- The Washington Times - Thursday, October 24, 2002

Increased security will be in place for the running of Sunday's 27th Marine Corps Marathon through the streets of Arlington and the District because of the sniper attacks, but the Marines are determined to have their day along with their 16,000-plus entrants.

"There's been constant discussion about canceling, but we have always decided to go forward with the race," said Kim Roberson, public relations coordinator for the event. "We will have over 2,000 Marines on the course. We are ready to go. The runners have asked us not to cancel this race."

"We have had several hundred phone and e-mail requests regarding this," said Roberson, formerly with the Arlington County Police, "and 99.9 percent of the requests were from people who wanted to make sure the race is not canceled. We've had more people calling because they injured themselves in the last two weeks than people who are worried about the sniper."

Nonetheless, the Marines have formed a task force to address security issues, which are even more of a concern this time than during the 2001 race following September 11.

"I cannot really get into the details with security," Roberson said. "We are doing everything that is appropriate under the circumstances."

The Marines said there will be security on the land, in the air and on the Potomac River. The police from the many jurisdictions through which the marathon runs also were tight-lipped.

The course begins at the Iwo Jima Monument in Rosslyn and winds through Arlington and the Pentagon parking lots for the first nine miles as well as the last three miles.

"I do think we're doing everything we normally do like shutting down roads," said John Ritter, public information officer for the Arlington County Police. "We're trying to stay lower than the radar screen. We don't want to attract attention. We don't want to say that this is what Arlington is doing. We don't want to put down the gauntlet for this guy."

Meanwhile, the Virginia State Police insisted they were operating as usual.

"This year, as with every year, Virginia police will be assisting in traffic duty and security," spokeswoman Lucy Caldwell said. "They did not specify [using additional forces]. This is not a problem for us, because it happens every year, it's part of our budget for manpower."

Sgt. Joe Gentile, public information officer for the Metropolitan Police, said most of the course through the District is considered park land that is handled by the U.S. Park Police and U.S. Capitol Police.

"I wouldn't discuss tactical issues. We will have a contingent of officers," Gentile said repeatedly.

The U.S. Park Police supervises much of miles 10 through 23, including an out-and-back section in wooded Rock Creek Park and along the Mall. Sgt. Scott Fear, spokesperson for the U.S. Park Police, said security for the race is a major concern, adding, "the Park Police are teaming up with other state, local and federal police agencies in order to provide a safe race for all."

The U.S. Capital Police monitor the course between miles 17 and 19, and the Pentagon Police monitor their grounds near the beginning and finish of the race.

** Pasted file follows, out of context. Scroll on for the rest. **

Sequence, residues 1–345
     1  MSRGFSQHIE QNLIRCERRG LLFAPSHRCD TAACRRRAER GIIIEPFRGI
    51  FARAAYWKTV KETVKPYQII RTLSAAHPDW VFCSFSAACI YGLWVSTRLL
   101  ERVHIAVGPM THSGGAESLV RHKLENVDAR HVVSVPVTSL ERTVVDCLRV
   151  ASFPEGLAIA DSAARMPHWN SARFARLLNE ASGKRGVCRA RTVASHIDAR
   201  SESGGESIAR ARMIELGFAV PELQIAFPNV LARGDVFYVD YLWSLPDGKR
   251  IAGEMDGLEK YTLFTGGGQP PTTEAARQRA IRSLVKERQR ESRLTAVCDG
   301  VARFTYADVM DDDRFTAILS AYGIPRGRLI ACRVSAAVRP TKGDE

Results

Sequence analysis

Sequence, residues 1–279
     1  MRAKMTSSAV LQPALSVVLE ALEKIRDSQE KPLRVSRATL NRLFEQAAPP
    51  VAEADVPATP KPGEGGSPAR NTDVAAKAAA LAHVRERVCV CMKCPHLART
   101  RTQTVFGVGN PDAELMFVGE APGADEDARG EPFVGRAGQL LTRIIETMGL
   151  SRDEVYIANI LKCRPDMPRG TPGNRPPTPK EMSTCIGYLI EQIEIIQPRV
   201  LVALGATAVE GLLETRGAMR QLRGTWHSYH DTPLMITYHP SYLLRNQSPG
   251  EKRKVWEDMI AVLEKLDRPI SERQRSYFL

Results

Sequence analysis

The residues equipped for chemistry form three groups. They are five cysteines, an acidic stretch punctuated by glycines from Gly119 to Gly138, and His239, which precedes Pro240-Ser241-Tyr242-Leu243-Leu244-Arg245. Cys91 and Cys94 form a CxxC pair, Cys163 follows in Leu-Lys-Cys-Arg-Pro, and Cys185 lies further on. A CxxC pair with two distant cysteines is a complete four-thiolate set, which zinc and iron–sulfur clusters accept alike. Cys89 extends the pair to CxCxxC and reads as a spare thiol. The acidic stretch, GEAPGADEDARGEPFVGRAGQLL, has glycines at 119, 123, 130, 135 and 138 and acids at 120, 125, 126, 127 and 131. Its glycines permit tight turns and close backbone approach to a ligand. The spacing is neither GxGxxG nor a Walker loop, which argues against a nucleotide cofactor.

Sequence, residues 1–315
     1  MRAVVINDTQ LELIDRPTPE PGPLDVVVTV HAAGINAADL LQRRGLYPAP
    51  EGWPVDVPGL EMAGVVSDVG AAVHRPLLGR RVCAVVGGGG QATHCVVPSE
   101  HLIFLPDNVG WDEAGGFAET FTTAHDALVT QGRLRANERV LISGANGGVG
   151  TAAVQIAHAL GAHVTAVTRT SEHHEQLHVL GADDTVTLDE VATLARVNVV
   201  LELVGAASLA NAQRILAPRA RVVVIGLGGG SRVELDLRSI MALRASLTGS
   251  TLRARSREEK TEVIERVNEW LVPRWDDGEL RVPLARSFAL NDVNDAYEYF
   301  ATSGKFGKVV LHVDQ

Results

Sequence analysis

The Army Ten-Miler, which began and ended at the Pentagon and wound through Arlington and downtown Washington, was conducted without incident last Sunday amid high security, including medal detectors at the staging area. Runners and spectators remained optimistic about Sunday.

"Concerned? Yes, but running anyway, especially after having let this person scare me into running 22 miles on a treadmill instead of outside," said Joy Langford, who is running her second marathon in hopes of qualifying for the Boston Marathon next year. "Let's just hope that if this person tries to take a runner out on Sunday that the rest of the runners in the pack will have the courage and resolve that the passengers on Flight 93 had on 9/11 and that they take off in mass through the woods or in whatever direction the shot comes from to capture him."

Said Kathryn J. Masters, who will attempt her first marathon: "I am running this weekend and am not too concerned. I ran the Army 10-miler last Sunday and felt very safe and protected. My only concern with holding these races during the current sniper situation is that the police who are blocking the streets for us and working security for us could be tracking down a killer instead. I kind of think the police resources that are supporting the races should be directed elsewhere if needed."

Jonathan Hope, who said he was running Tuesday morning just three miles before the shooting there, will be running the accompanying 5-kilometer race. "I will be out on course after my run cheering on all the runners I have no concerns," said Hope, who ran the last two Marine Corps Marathons but opted to run New York a week later this year. "The marines and military I am sure will be armed to the hilt, just like last year after September 11."

Said Tracey Dugdale, who plans to be a spectator: "I'd be more concerned for the spectators who line the streets near the exits to 395 and the Parkway than the runners who are running, hopefully moving throughout the entire course. I would imagine the only potential vulnerable times for the runners will be the start, the finish and the endless lines at the 'port-o-johns.' A tree might be a better option than standing in a long line."

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